Sunday, March 25, 2012

You've got to be kidding, GM

My family owns a 1999 Chevy Malibu that looks like this car. I am soured on GM and Chevys, in particular, after our experience owning this car. Source: Wikipedia

The transportation geek in me was piqued by the recent publication of a New York Times story on GM's efforts to market cars to Millennials. (The Atlantic's Jordan Weissman added his own analysis here.) Allow me to explain why.

GM approached my former employer about placing two types of Chevys on our campus. Apparently, someone in GM's young people marketing unit thought that our campus - due to the size of our student body and our location in a "car metropolis" - would be a good place to try to plant the seeds for making Chevy relevant to Millennials.

I was skeptical when I first heard about this in a small staff meeting. Parking is scarce for students on our campus. Also, our students are pretty price sensitive. I couldn't imagine many of them buying cars anytime soon. (See past articles about declining car ownership rates amongst young people.) also, I pointed out that GM has to overcome the bad rap they have with Millennials.

Many of us - myself included - grew up with a GM vehicle in their household. And more likely than not, that car was crap. Often, we saw first hand how GM produced cars that were reliable, clunky, and poorly finished.

Example: When the three-year warranty ran out on our Malibu, the water pump promptly needed to be replaced. Cost: $900. I drove the car sometimes as an adult, and I swore that I would never, ever, EVER buy a GM car. 

That said, I would have fulfilled my obligations as an employee to market and promote the cars had they ever arrived on our campus.  My employer and I wanted GM to figure out some sort of deal that would enable Zipcar, a vendor with whom we had a contract, to manage the cars. For reasons unknown to me, this was not possible. Instead, GM wanted to have WeCar (a subsidiary of Enterprise) manage the cars, which would have been more (unnecessary) work for me.

GM is also poorly regarded on our campus and amongst Millennials nationwide.

Example:  The "Reality Sucks" campaign. GM placed ads in university student newspapers (including mine) showing a "hot" woman smiling, flaunting her superiority to a cyclist:

Brilliant. Simply brilliant. Click on photo to enlarge. Best part: They offer information not only on the Sonic, but also a freaking huge, gas guzzling pick-up truck.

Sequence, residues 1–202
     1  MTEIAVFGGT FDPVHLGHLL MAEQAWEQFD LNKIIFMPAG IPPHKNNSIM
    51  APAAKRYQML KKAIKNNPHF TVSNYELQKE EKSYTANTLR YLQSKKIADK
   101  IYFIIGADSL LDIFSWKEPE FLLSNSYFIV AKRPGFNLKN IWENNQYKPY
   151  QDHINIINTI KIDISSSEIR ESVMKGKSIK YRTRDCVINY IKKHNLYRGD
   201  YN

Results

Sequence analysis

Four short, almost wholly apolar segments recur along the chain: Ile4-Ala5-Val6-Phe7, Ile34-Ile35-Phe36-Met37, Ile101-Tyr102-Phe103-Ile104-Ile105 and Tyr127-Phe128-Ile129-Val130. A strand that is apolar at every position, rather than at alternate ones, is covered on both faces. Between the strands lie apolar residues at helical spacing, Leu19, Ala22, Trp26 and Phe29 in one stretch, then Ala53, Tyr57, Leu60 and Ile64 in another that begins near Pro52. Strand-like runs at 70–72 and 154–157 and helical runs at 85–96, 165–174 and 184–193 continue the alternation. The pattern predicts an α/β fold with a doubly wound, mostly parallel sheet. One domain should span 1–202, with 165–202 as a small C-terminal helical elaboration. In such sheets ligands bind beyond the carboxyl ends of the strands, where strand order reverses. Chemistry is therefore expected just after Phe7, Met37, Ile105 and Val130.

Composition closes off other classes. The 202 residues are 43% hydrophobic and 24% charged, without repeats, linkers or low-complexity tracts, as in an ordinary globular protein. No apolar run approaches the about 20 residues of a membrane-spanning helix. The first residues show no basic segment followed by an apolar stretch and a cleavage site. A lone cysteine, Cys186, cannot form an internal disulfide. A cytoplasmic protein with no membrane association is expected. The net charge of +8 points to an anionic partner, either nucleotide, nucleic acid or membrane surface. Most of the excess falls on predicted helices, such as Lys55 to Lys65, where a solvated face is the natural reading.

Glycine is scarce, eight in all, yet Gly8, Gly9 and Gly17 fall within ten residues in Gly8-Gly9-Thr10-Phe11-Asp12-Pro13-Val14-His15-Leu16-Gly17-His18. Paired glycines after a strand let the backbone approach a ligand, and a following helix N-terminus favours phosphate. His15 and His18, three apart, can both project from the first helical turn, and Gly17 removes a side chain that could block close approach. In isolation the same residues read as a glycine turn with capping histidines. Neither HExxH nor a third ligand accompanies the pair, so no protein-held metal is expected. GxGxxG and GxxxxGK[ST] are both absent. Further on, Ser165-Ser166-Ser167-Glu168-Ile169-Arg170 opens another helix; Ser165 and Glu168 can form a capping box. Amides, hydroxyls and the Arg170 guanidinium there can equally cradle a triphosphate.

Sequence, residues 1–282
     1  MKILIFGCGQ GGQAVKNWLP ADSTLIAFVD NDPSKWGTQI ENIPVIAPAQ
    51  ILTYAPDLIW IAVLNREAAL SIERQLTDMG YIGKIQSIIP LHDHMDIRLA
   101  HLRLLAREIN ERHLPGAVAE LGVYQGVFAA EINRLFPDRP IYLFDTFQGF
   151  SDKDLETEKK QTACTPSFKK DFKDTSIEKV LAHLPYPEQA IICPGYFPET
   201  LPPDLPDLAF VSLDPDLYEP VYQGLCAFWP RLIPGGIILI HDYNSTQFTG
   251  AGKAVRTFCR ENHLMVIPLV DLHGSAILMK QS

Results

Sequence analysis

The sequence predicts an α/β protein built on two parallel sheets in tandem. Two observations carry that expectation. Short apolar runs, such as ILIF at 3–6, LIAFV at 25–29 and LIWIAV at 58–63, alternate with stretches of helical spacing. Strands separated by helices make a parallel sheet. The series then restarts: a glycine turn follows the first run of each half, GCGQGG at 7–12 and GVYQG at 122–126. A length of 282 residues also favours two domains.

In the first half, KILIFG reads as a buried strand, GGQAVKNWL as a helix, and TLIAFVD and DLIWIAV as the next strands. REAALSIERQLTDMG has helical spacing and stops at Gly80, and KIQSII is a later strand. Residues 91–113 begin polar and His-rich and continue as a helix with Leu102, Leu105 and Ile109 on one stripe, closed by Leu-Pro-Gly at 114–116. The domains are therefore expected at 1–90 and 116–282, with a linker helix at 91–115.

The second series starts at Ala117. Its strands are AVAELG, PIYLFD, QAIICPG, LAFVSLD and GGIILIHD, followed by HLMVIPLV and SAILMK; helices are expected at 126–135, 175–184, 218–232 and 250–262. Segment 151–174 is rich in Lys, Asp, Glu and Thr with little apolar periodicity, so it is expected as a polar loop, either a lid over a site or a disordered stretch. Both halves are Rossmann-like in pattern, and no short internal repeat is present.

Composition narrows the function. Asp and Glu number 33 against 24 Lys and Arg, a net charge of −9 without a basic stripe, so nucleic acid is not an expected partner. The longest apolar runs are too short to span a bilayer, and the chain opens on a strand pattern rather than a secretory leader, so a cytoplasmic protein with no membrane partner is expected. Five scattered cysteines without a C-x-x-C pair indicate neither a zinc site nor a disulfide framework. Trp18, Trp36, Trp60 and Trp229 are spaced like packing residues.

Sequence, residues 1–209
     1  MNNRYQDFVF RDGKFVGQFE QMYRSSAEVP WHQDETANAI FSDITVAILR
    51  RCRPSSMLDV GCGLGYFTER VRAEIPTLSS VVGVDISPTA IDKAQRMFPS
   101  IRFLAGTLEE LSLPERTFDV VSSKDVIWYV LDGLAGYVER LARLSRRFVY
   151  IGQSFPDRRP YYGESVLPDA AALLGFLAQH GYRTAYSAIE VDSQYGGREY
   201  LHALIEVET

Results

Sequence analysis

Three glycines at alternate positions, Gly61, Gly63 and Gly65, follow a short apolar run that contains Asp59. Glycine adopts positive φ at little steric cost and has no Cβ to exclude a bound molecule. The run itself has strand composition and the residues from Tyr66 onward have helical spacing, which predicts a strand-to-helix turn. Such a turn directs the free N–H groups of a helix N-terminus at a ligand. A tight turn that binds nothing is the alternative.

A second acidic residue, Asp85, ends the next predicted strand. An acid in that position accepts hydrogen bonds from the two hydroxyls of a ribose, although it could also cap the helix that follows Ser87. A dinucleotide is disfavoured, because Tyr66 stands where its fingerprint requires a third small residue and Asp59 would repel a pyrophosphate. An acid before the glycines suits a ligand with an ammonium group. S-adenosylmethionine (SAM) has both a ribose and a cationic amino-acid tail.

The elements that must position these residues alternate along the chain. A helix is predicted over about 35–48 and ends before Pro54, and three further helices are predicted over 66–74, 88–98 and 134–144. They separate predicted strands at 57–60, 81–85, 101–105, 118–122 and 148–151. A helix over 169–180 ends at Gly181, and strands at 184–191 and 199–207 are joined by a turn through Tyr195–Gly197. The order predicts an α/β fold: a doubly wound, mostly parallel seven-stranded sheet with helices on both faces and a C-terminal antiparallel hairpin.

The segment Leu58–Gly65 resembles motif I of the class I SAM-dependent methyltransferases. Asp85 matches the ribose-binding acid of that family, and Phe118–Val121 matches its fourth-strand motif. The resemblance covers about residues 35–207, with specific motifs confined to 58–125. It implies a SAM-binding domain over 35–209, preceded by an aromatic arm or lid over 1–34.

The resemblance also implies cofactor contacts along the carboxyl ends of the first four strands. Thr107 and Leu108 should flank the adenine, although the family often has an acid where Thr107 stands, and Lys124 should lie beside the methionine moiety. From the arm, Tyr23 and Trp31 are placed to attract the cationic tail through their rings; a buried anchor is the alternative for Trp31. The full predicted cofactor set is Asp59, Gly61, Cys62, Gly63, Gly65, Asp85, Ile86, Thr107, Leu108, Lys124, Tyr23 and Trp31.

Bike Portland was tipped off to this ad by an anonymous source, who just happened to be a professor at my place of employment.

Chaos ensued. We're talking thousands of negative posts on the GM Facebook page, countless angry tweets, and lots of coverage in the traditional and new media.

GM's efforts to increase its relevance amongst Millennials are not going very well. I think that had GM successfully placed the cars on our campus, students might have rented them. However, but I also think we would have also faced considerable criticism from various corners of our campus for partnering with GM, due to their bad reputation (car quality, insensitivity to cyclists and pedestrians, of which there are many on our dense campus).

 I, in the meanwhile, will continue to ride the bus, a bike, or a Xootr Scooter:


  1. You are using an "n" of 1 for making your decision on GM. That's not statistically reliable. The high cost of the water pump replacement on your '99 Malibu was out of line, making it a repair shop issue, not GM, per se. You don't mention which engine, since the V-6 replacement is simple but the 4-cyl one is more difficult. Water pumps are wearing parts and are not made by the assembly plants but by independent subcontractors. That same water pump is probably used by several different auto manufacturers.

    1. Hi Fred,
      Thanks for your comment and sharing your technical knowledge. I think, however, that while a lot of customers might decide to become *first-time* customers based on information they crowdsourced (enter Yelp or Consumer Reports), a lot of customers decide whether to become repeat customers based on *their* experience, and their experience only. So in fact, I think that making my decision not to be a repeat GM customer feels right to me.

      While I think it is wise that GM made efforts to improve the reliability and relevance of their products to my generation, I have not been convinced that I want to be a customer of theirs. Not only would GM have to convince me that their cars won't fall apart immediately after the warranty period concludes, they would have to convince me that the impression I gleaned of GM as a child and teen (informed by our ownership experience and everything I read in Consumer Reports) was a thing of the past... OH. And they'd have to convince me that my peers (who are into sustainable transportation) won't laugh or scorn me for being a traitor (see the "Reality Bites" campaign.) That is such a tall order.